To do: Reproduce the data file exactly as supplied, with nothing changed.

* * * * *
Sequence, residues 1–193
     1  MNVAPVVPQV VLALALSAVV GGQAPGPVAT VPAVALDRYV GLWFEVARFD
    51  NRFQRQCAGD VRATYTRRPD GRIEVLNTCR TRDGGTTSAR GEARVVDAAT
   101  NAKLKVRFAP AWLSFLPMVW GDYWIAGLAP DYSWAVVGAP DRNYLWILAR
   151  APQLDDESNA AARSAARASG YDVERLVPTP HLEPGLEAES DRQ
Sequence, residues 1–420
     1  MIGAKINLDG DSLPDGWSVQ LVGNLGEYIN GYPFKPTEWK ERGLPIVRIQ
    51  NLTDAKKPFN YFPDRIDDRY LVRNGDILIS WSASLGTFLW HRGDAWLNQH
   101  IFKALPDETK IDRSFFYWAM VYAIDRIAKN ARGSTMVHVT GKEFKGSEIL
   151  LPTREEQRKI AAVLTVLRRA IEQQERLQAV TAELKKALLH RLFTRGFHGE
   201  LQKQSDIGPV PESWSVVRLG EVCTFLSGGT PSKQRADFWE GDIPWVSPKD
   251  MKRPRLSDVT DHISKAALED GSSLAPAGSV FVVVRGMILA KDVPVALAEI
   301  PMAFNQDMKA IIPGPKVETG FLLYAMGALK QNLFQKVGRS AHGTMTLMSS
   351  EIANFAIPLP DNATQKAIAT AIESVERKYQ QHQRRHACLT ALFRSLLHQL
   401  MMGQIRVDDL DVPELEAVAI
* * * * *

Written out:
Sequence, residues 1–193
     1  MNVAPVVPQV VLALALSAVV GGQAPGPVAT VPAVALDRYV GLWFEVARFD
    51  NRFQRQCAGD VRATYTRRPD GRIEVLNTCR TRDGGTTSAR GEARVVDAAT
   101  NAKLKVRFAP AWLSFLPMVW GDYWIAGLAP DYSWAVVGAP DRNYLWILAR
   151  APQLDDESNA AARSAARASG YDVERLVPTP HLEPGLEAES DRQ
Sequence, residues 1–420
     1  MIGAKINLDG DSLPDGWSVQ LVGNLGEYIN GYPFKPTEWK ERGLPIVRIQ
    51  NLTDAKKPFN YFPDRIDDRY LVRNGDILIS WSASLGTFLW HRGDAWLNQH
   101  IFKALPDETK IDRSFFYWAM VYAIDRIAKN ARGSTMVHVT GKEFKGSEIL
   151  LPTREEQRKI AAVLTVLRRA IEQQERLQAV TAELKKALLH RLFTRGFHGE
   201  LQKQSDIGPV PESWSVVRLG EVCTFLSGGT PSKQRADFWE GDIPWVSPKD
   251  MKRPRLSDVT DHISKAALED GSSLAPAGSV FVVVRGMILA KDVPVALAEI
   301  PMAFNQDMKA IIPGPKVETG FLLYAMGALK QNLFQKVGRS AHGTMTLMSS
   351  EIANFAIPLP DNATQKAIAT AIESVERKYQ QHQRRHACLT ALFRSLLHQL
   401  MMGQIRVDDL DVPELEAVAI